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Child Health & Safety News 9/10: New AAP Child Seat Guidelines

Last updated on September 27th, 2018 at 02:09 pm

twitter thumbIn this week’s Child Health News: New study recommends against brain scans for kids with concussion http://bit.ly/2N3ZtP4 

Welcome to Pediatric Safety’s weekly “Child Health & Safety News Roundup”- a recap of the past week’s child health and safety news headlines from around the world. Each day we use social media to communicate relevant and timely health and safety information to the parents, medical professionals and caregivers who follow us. Occasionally we overlook something, but overall we think we’re doing a pretty good job of keeping you informed. Still, quite a bit happens every day – so to make sure you don’t miss anything, we offer you a recap of this week’s top 20 events & stories.

  • Here’s How Many Immigrant Kids Are Still Separated From Their Parents bit.ly/2wY5lz3 2018-9-09
  • A teen who spent his free time speaking out against gun violence was shot and killed in Chicago cnn.it/2wY5dj3 2018-9-09
  • AAP Raises Concerns That Food Colors May Damage Children’s Health bit.ly/2wUhB32 2018-9-09
  • Children’s Health: Backpack Safety bit.ly/2wRRtXa 2018-9-09
  • How to Keep Your Kids Safe on the Playground bit.ly/2MafFJa  2018-9-08

PedSafe Child Health & Safety News Headline of the Week
What You Need to Know About the New American Academy of Pediatrics (AAP) Child Seat Guidelines   bit.ly/2wDPDIJ

  • We Must Stop Destroying our Children – Children’s Defense Fund bit.ly/2CwsUEs 2018-9-08
  • Strategies Parents Can Use for Handling Out-of-Control Kids bit.ly/2wUkBx7  2018-9-08
  • Health Matters: What to do when your child bullies other kids nbcnews.to/2wVoGkq 2018-9-08
  • 3 Tips to Raise a Drug-Free Child bit.ly/2wPNaLi 2018-9-07
  • How Can My Allergic Kid Join In When It’s All About the Food bit.ly/2wPvS0F 2018-9-07
  • How to Talk to Your Kids About…Strangers: Thurs Time Capsule 08/12 – bit.ly/2M18vXL  2018-9-06
  • Four million UK children too poor to have a healthy diet, study finds bit.ly/2wL2LLY 2018-9-06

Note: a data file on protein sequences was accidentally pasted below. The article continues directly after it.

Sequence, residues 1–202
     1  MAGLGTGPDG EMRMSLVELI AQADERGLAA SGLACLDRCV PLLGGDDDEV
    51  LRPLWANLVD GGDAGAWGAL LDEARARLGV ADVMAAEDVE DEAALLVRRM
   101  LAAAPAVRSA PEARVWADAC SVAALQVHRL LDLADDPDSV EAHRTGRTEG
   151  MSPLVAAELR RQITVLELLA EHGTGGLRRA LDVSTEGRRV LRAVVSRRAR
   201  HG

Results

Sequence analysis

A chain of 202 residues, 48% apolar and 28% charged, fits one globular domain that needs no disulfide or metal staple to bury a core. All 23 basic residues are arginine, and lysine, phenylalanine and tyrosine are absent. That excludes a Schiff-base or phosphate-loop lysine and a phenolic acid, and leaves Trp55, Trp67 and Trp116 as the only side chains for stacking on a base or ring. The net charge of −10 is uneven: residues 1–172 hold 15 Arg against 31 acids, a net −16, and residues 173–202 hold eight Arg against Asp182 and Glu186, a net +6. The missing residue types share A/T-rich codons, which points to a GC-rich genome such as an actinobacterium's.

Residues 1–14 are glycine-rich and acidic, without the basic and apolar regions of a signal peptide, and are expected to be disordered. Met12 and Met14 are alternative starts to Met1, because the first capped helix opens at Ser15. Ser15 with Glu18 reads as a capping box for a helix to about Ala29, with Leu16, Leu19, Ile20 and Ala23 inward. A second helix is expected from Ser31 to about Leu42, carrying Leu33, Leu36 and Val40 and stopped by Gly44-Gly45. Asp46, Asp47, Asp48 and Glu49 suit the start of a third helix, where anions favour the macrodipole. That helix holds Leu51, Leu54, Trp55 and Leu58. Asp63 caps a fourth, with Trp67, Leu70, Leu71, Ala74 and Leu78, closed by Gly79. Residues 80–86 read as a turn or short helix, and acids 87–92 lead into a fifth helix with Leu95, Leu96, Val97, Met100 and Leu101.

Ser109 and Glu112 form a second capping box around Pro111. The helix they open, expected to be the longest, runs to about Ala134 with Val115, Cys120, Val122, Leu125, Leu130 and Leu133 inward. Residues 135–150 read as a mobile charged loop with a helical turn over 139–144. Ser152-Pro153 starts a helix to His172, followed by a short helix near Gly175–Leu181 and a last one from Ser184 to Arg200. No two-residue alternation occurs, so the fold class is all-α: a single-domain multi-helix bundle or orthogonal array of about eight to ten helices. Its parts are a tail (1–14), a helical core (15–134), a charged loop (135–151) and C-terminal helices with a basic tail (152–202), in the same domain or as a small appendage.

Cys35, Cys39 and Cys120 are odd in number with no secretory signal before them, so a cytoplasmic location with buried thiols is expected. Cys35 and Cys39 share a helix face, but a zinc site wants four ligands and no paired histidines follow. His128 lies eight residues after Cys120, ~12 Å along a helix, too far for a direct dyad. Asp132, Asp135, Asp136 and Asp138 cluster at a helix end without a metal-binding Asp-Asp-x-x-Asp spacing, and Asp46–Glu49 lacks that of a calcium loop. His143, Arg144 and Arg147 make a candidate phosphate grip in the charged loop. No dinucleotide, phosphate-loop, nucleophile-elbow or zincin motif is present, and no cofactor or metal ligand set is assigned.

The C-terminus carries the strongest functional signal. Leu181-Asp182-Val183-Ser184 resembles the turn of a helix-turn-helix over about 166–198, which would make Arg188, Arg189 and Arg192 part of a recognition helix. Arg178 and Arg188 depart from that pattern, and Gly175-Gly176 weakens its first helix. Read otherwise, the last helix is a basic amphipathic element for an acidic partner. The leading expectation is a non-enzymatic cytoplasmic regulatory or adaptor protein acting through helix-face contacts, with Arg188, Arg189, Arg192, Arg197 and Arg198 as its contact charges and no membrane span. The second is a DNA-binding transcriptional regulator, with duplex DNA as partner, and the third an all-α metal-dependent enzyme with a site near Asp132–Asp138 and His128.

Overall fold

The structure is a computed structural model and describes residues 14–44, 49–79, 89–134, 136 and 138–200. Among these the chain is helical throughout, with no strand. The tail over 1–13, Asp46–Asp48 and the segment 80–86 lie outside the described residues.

• Advocacy Group Urges Testing Water for Lead at Child-Care Centers bit.ly/2MPEcs1 Despite the health risks, only 7 states and New York City require licensed child-care facilities to conduct testing for lead in drinking water 2018-9-05
  • What being held at the Mexican border is really like bit.ly/2CrBcNI a doctor describes visiting the South Texas Family Residential Center 2018-9-05
  • Should Special Kids Take Standardized Tests? Intelligent Lives bit.ly/2Ni4suO 2018-9-05
  • Google using AI to help organizations detect and report child sexual abuse material online bit.ly/2wCDVi3 2018-9-04
  • Homelessness Takes Toll on Kids’ Health Even Before They’re Born http://bit.ly/2N77mDu  2018-9-03
  • Growth in first 3 years of life affects respiratory health in children bit.ly/2wAbJfU excessive weight gain in the first years of life can be associated with lower lung function and a higher risk of childhood asthma 2018-9-03
  • Children may care about their reputations earlier than thought: Study abcn.ws/2wrKW5p 2018-9-03

Child Health & Safety News 9/3: Preschool Anxiety-Busting Books

Last updated on September 16th, 2018 at 02:57 pm

twitter thumbIn this week’s Child Safety News: Calls for action over the UK’s ‘intolerable’ child mental health crisis: >100k kids age 14 are self-harming with 22% of girls affected bit.ly/2LMiGza

Welcome to Pediatric Safety’s weekly “Child Health & Safety News Roundup”- a recap of the past week’s child health and safety news headlines from around the world. Each day we use social media to communicate relevant and timely health and safety information to the parents, medical professionals and caregivers who follow us. Occasionally we overlook something, but overall we think we’re doing a pretty good job of keeping you informed. Still, quite a bit happens every day – so to make sure you don’t miss anything, we offer you a recap of this week’s top 25 events & stories.